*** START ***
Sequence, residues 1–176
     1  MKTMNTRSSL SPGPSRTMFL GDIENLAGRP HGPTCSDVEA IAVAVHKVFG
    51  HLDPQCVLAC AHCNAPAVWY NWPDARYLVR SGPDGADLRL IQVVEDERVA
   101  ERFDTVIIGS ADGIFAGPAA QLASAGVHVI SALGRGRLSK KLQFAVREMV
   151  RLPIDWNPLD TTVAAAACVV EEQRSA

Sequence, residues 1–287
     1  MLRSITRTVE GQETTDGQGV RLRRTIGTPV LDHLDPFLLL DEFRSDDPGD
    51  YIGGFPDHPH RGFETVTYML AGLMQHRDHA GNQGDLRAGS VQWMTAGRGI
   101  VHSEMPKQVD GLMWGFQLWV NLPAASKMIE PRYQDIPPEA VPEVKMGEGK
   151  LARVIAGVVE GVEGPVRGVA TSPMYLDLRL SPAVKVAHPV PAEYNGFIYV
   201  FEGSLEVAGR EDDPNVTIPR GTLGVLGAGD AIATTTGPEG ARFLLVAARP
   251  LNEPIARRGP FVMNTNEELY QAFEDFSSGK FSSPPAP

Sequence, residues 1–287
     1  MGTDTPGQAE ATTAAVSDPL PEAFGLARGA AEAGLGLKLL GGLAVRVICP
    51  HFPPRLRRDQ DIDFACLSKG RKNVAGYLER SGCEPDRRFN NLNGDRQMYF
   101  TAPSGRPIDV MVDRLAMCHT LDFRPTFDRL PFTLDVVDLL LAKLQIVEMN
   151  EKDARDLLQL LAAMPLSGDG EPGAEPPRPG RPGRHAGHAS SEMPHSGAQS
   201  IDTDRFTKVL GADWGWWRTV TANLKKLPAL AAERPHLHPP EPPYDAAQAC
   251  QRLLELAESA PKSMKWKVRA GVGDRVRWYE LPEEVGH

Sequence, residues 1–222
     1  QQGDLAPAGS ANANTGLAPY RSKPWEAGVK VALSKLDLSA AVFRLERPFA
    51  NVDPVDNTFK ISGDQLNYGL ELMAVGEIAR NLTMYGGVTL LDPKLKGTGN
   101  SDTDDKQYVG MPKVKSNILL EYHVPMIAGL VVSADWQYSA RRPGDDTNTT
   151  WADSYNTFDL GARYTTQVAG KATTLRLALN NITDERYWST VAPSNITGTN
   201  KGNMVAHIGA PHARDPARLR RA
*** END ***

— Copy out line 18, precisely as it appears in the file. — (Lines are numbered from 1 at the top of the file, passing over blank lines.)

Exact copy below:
   201  IDTDRFTKVL GADWGWWRTV TANLKKLPAL AAERPHLHPP EPPYDAAQAC